I wondered last night whether or not the US had continued to use any of the German concentration camps once they had been liberated to house German
Interestingly, Abu Ghraib during Saddam's reign was [still is] often referred to as a concentration camp, where numerous Iraqis were sent and never seen again. And yet, knowing its reputation, we thought it was a good idea for us to set up camp there and use it to detain Iraqis ourselves, many of whom were dragged from their homes in the middle of the night by their supposed liberators, the US military.
Families live in fear of midnight call by US patrolsRemarkably, this article is nearly a year old!
by Daniel McGrory, The Times Online, 9 July 2003
NEVER again did families in Baghdad imagine that they need fear the midnight knock at the door. But in recent weeks there have been increasing reports of Iraqi men, women and even children being dragged from their homes at night by American patrols, or snatched off the streets and taken, hooded and manacled, to prison camps around the capital.
Children as young as 11 are claimed to be among those locked up for 24 hours a day in rooms with no light, or held in overcrowded tents in temperatures approaching 50C (122F).
On the edge of Baghdad International Airport, US military commanders have built a tent city that human rights groups are comparing to the detention camp at Guantanamo Bay in Cuba.
Remarkably, the Americans have also set up another detention camp in the grounds of the notorious Abu Ghraib prison, west of Baghdad. Many thousands of Iraqis were taken there during the Saddam years and never seen again.
Every day, relatives scuff their way along the dirt track to reach the razor wire barricades surrounding Abu Ghraib, where they plead in vain for information about the whereabouts of the missing.
The response from impassive American sentries is to point to a sign, scrawled in red felt-tip pen on a piece of cardboard hanging on the barbed wire, which says: "No visits are allowed, no information will be given and you must leave."
One of the things we talked about during the first part of the show on Friday was this sense of "right" and "wrong" in a time of war and how ultimately pointless they are to those actually dodging bullets on the ground. 18- and 21-year olds with minimal education or training, thousands of miles from home and the possibility of ever getting back lessening with each passing day. If they're not being served up as cannon fodder on the frontlines, they're being hung out to dry as scapegoats. All to pay for the sins of their leaders.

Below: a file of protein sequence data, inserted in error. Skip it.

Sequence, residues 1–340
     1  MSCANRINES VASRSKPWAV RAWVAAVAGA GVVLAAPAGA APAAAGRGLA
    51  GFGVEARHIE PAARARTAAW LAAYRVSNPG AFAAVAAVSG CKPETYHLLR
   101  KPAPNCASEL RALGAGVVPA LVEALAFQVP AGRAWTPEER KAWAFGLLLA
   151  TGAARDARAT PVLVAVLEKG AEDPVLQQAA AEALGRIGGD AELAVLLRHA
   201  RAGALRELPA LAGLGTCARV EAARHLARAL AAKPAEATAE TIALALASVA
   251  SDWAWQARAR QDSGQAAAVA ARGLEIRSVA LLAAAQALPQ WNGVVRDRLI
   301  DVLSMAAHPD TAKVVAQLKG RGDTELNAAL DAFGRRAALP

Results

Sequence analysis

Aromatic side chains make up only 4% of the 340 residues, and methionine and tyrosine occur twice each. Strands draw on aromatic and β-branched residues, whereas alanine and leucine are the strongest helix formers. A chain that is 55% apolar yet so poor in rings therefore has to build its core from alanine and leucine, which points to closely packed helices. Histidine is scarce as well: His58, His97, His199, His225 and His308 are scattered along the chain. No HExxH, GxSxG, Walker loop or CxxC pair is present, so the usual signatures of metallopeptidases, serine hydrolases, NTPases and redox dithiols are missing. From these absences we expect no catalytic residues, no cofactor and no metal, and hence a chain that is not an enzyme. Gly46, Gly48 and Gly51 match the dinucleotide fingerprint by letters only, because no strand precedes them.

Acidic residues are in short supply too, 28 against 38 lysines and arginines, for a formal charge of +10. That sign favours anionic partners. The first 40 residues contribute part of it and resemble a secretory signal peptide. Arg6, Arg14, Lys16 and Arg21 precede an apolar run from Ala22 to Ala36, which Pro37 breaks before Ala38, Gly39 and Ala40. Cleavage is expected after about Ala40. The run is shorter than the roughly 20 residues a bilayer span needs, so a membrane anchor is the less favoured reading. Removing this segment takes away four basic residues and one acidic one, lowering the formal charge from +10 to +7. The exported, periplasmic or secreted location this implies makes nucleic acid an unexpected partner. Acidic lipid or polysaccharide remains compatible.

POP QUIZ: Who's your Representative in Congress? Did you vote in the election that put him/her in office? Did he/she vote to authorize this war? Have you ever written him/her to express your feelings on the state of the union?
While wars are eventually defined by a handful of individual moments, those moments - good and bad - are simply highlighted details from a much bigger picture. Many times they're highlighted to distract from a larger flaw, like makeup on a blemish.
The abuse at Abu Ghraib is one particularly ugly detail from an even uglier bigger picture, one depicting incompetence at the highest levels of command, the ill-conceived plans of a group of fanatics, and, if one were to step back far enough to see, the beginning of the end of an era.
POP QUIZ: If, as Nancy Pelosi argued yesterday ("The emperor has no clothes. When are people going to face the reality?"), George W. Bush is the emperor, what does that make his fellow Skull & Bones'er, John F. Kerry, who's only difference on the war lies in procedural rhetoric?
--"Under conditions of tyranny it is far easer to act than to think."